The 10 Days Series is organized by iHomeschool Network, a collaboration of outstanding homeschool bloggers who connect with each other and with family-friendly companies in mutually beneficial projects.

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This post may contain a link to an affiliate. See my disclosure policy for more information.

Dual Enrollment

Did you know that many homeschoolers graduate from high school with their Associates degree? Dual Enrollment is a great way for your child to get a head start in their college career as well as save money on their college education.

Benefits of Dual Enrollment

Free College Credits

In many states dual enrollment is free! This means your child can earn college credits at no cost. If they plan on attending a state school after graduation all these credits will transfer, therefore reducing the cost of their college education.

Preparation for College

Dual enrollment is a great way to ease your child into college. Community colleges are usually smaller and more laid back than a university. Your child can “try out” college before leaving home.

Relieves Teaching Responsibilities

If you don’t think you are cut out for teaching high school, dual enrollment classes can do it for you. Most colleges accept students at age 15 or 16 depending on their test scores. If teaching high school scares you, dual enrollment can help.

Preparing for Dual Enrollment

Raise an Independent Learner

If you think your child will be taking college classes in high school, start preparing them in the eighth grade. Let them take ownership of their education and see if they are up to the challenge. A child who needs constant daily prodding to finish their work in the tenth grade probably isn’t ready for college classes.

Let them Drive

For the first two months of dual enrollment I drove my daughter to college and back twice a week. If you don’t want to spend your school day in the car, make sure your child has their driver’s license before they start classes.  This will free you up to teach your younger children.

Prep for Tests

Most colleges require ACT/ SAT or college placement scores from homeschoolers in order to sign up for classes. Make sure your child is prepared for the standardized tests well in advance. The college placement test is free and is administered by the college.

Dual Enrollment isn’t for Everyone

Not every child is cut out for dual enrollment. If you aren’t comfortable with your child sitting in a classroom with thirty people they don’t know, ages 17-50 then consider online classes or waiting until your child is older.

The 10 Days Series is organized by iHomeschool Network, a collaboration of outstanding homeschool bloggers who connect with each other and with family-friendly companies in mutually beneficial projects.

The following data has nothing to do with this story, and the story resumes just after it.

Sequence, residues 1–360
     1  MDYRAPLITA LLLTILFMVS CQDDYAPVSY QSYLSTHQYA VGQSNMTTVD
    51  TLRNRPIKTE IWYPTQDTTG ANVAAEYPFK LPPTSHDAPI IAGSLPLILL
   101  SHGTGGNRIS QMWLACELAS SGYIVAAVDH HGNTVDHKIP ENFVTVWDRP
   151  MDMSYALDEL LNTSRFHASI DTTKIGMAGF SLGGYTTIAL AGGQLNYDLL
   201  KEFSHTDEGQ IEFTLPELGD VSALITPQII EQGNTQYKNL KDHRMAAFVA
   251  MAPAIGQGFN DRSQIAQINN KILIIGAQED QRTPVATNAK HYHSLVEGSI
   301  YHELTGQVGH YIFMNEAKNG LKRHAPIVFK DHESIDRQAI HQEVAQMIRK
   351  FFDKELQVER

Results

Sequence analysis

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This post may contain a link to an affiliate. See my disclosure policy for more information.

Don’t Think Your Child Won’t Cheat

The following is a post from Linda.

A mom approaches the homeschool director with fear and trepidation. “My son has been cheating,” she says. The director smiles and says, “It’s not the first time, and it won’t be the last.”

Yet as moms we somehow think that our kids won’t cheat. We don’t expect them to be perfect people, but homeschoolers are not supposed to cheat! At least, that’s what I thought.

You’ve probably guessed. One of my high school kids did cheat. And it wasn’t the kid who I might have suspected. He had never shown a tendency towards being dishonest.

How You Can Avoid Cheating

1. Never say, “This kid would never cheat.” Assume that any of your children could be tempted in this way.

2. Oversee test taking, and daily work if necessary. If a test is in the same book as the answers, be sure to copy the test. Then have the kid take the test in the same room with you. If daily cheating is a problem, then all work should be done that way.

3. Tell your kid that in high school, you don’t always get A’s or even B’s. My son did not cheat because he was failing. He cheated because in grade school math, I didn’t move on until he learned a new concept. As a result, he always got A’s, and he thought he should always get A’s in high school.

4.  Help your child have realistic expectations.  Similar to point three, kids can expect too much of themselves because they think all homeschool kids should be geniuses.  When they start coming up short, they might be tempted to cheat.  Let them know you want them to do their best, but that won’t necessarily mean straight A’s.

5. Talk to your kids about this temptation. Help them work through it. Little did we know that the guilt he was carrying was the issue behind his challenging teen behavior. Once he confessed, he was a different person! How I wish we had brought up the topic of cheating  and given him opportunities to talk about it sooner.

The 10 Days Series is organized by iHomeschool Network, a collaboration of outstanding homeschool bloggers who connect with each other and with family-friendly companies in mutually beneficial projects.

Linda has three boys and has been homeschooling for over 15 years.  Her oldest is now in college, the second graduates this spring, and her youngest is in 10th grade.  She blogs about food at The Gluten-Free Homemaker.

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This post may contain a link to an affiliate. See my disclosure policy for more information.